Kenyan high court lifts ban on acclaimed LGBTQ film 'Rafiki'

A Kenyan high court on Friday lifted its ban on Rafiki, a film with an uplifting lesbian romantic storyline, clearing the path for the film to be the country's submission for Best Foreign Language Film at next year's Academy Awards. 

High Court Justice Wilfrida Okwany temporarily lifted the restriction for just seven days, allowing Rafiki to be screened for “willing adults.” In her ruling, Okwany said, “I am not convinced that Kenya is such a weak society that its moral foundation will be shaken by seeing such a film.” She contextualized her concern over the ban as being part of a larger epidemic against free speech in Kenya.

Rafiki, directed by Wanuri Kahiu, who was born in Nairobi and studied producing and directing at UCLA’s school of theatre, was banned by Kenya's Film and Classification Board (KFCB) back in April due to its central lesbian romance. Just afterward, the film made its debut to critical acclaim in May at the Cannes Film Festival. It gained further steam earlier this month at the Toronto International Film Festival, where GLAAD first screened it. Tickets are on sale now for Kenyan audiences to finally go and see Rafiki

“Wanuri Kahiu has created a compelling and universal story which provides hope that all Kenyans one day will be free to live openly and celebrate the person they love," said GLAAD president and CEO Sarah Kate Ellis about the film. "The story of Rafiki is needed, not only to move more Kenyans to accept LGBTQ people but also, to shine a light on the truly unjust nature of criminalization laws against LGBTQ people in Kenya and other countries. The decision to screen the film in Kenya - enabling it to be considered as among the country’s best by the Academy Awards — is an important signal to the world that LGBTQ Kenyans will never be silenced.”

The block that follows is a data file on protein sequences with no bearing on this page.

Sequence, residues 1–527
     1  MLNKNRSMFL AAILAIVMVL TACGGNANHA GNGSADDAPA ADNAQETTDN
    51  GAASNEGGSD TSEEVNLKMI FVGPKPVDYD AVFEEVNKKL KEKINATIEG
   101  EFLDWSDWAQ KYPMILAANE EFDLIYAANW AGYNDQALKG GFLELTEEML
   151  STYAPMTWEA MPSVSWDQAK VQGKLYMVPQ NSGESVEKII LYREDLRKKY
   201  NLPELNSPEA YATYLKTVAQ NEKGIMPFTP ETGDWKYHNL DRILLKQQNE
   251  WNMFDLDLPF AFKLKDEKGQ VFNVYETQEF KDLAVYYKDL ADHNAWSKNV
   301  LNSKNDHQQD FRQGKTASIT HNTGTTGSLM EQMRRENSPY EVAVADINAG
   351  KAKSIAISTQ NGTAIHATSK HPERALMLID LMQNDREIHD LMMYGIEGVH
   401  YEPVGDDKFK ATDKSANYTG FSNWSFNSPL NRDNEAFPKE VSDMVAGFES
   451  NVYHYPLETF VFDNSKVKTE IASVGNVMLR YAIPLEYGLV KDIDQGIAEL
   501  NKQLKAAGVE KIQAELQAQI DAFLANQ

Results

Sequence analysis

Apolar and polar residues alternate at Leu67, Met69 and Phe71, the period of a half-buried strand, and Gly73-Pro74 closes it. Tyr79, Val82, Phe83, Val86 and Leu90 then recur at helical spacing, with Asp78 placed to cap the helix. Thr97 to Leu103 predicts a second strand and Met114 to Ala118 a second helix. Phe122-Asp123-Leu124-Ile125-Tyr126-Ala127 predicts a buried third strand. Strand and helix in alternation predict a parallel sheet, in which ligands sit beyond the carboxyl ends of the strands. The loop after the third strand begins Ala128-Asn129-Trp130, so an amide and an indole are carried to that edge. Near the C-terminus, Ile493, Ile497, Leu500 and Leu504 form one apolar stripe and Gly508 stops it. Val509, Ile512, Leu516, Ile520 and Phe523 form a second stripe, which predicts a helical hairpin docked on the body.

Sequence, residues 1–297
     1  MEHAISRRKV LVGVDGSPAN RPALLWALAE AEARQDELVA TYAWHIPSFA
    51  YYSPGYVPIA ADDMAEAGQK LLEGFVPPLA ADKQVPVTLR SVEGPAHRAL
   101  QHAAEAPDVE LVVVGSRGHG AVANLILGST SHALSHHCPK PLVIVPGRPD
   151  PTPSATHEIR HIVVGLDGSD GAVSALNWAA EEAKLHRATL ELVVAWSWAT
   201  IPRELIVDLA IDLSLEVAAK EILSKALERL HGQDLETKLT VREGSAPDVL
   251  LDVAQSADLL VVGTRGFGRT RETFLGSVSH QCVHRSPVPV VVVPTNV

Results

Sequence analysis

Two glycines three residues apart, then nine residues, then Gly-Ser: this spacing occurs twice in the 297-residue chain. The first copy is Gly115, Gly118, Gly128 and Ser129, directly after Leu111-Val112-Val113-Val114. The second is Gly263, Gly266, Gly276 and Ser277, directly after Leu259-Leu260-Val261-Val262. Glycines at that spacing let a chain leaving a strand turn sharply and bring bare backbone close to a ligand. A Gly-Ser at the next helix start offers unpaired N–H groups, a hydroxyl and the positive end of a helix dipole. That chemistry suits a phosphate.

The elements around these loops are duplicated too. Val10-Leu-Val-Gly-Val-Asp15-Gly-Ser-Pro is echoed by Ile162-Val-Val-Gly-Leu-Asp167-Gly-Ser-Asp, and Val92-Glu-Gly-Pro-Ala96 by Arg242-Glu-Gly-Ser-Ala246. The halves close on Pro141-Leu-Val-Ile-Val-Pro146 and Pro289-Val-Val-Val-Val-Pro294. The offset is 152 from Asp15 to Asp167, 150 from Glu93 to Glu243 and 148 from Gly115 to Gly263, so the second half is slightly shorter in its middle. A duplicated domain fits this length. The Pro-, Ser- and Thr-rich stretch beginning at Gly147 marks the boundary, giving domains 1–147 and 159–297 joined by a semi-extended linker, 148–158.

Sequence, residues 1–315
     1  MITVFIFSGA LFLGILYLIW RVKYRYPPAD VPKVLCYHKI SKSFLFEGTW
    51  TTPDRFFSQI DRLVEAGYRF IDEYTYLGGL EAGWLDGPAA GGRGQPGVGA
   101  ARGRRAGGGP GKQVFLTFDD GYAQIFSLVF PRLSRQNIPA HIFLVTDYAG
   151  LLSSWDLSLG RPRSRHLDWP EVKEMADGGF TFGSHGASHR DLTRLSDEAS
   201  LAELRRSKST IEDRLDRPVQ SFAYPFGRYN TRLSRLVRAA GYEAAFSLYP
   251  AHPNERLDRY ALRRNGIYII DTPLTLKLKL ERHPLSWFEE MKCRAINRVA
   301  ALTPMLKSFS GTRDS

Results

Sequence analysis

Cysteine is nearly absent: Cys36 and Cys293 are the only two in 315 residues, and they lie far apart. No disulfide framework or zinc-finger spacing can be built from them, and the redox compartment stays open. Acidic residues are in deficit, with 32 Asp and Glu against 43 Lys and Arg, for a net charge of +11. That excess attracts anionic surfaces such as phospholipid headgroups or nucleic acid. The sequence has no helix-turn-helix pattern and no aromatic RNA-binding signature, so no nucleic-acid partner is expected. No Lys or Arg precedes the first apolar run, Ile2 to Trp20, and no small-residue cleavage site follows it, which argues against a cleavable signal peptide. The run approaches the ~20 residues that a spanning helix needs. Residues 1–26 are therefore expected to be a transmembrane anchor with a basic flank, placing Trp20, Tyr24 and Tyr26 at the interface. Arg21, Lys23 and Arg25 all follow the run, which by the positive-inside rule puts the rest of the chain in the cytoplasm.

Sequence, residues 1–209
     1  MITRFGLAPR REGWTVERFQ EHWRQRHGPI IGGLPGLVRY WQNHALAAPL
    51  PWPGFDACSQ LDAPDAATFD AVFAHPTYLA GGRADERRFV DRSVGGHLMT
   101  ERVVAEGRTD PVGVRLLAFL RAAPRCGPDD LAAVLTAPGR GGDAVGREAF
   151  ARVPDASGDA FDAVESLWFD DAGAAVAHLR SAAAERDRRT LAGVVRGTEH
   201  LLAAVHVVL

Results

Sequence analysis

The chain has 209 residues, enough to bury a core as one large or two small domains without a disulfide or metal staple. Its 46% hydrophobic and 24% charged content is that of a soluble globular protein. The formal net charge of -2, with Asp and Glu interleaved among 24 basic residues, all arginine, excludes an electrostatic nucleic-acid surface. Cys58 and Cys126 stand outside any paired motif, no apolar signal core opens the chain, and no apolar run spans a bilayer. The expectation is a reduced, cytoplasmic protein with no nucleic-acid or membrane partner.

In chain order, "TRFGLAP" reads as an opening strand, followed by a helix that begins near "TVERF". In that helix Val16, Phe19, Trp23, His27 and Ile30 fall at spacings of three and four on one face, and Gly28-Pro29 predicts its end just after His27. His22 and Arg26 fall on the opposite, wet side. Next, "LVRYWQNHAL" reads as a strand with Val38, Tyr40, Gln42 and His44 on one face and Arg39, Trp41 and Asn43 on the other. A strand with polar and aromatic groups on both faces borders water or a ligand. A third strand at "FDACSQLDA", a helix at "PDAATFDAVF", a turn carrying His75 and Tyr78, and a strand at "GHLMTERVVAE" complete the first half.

By allowing the film to play for seven days in theaters in Kenya, it will qualify to meet the Sept. 30th theatrical run deadline required by foreign films to be in considered in the running for a nomination at the 2019 Academy Awards. 

Kahiu was in an airport in France, en route to Los Angeles to further promote the film, when she learned the news about the stay on the ban.

Rafiki is a love story between two young women (played by newcomers Samantha Mugatsia and Sheila Munyiva) in a society that still bans homosexuality. The film is saturated with joy, heartbreak, and a richly effervescent cinematography that showcases Kahiu's native Nairobi in all its vibrancy.

When Kena and Ziki first lock eyes, it's a genuine coup de foudre despite the fact their families are political rivals. The young women grow close, but as they are not able to show their attraction in public — or even to their relatives and friends — they are forced to sneak small moments in private. Together they create their own world, vividly evoked through Kahiu's filmic eye, where their love isn't anything other than an expression of their commitment to each other. The space they create, however, isn't immune to the biases of the outside world.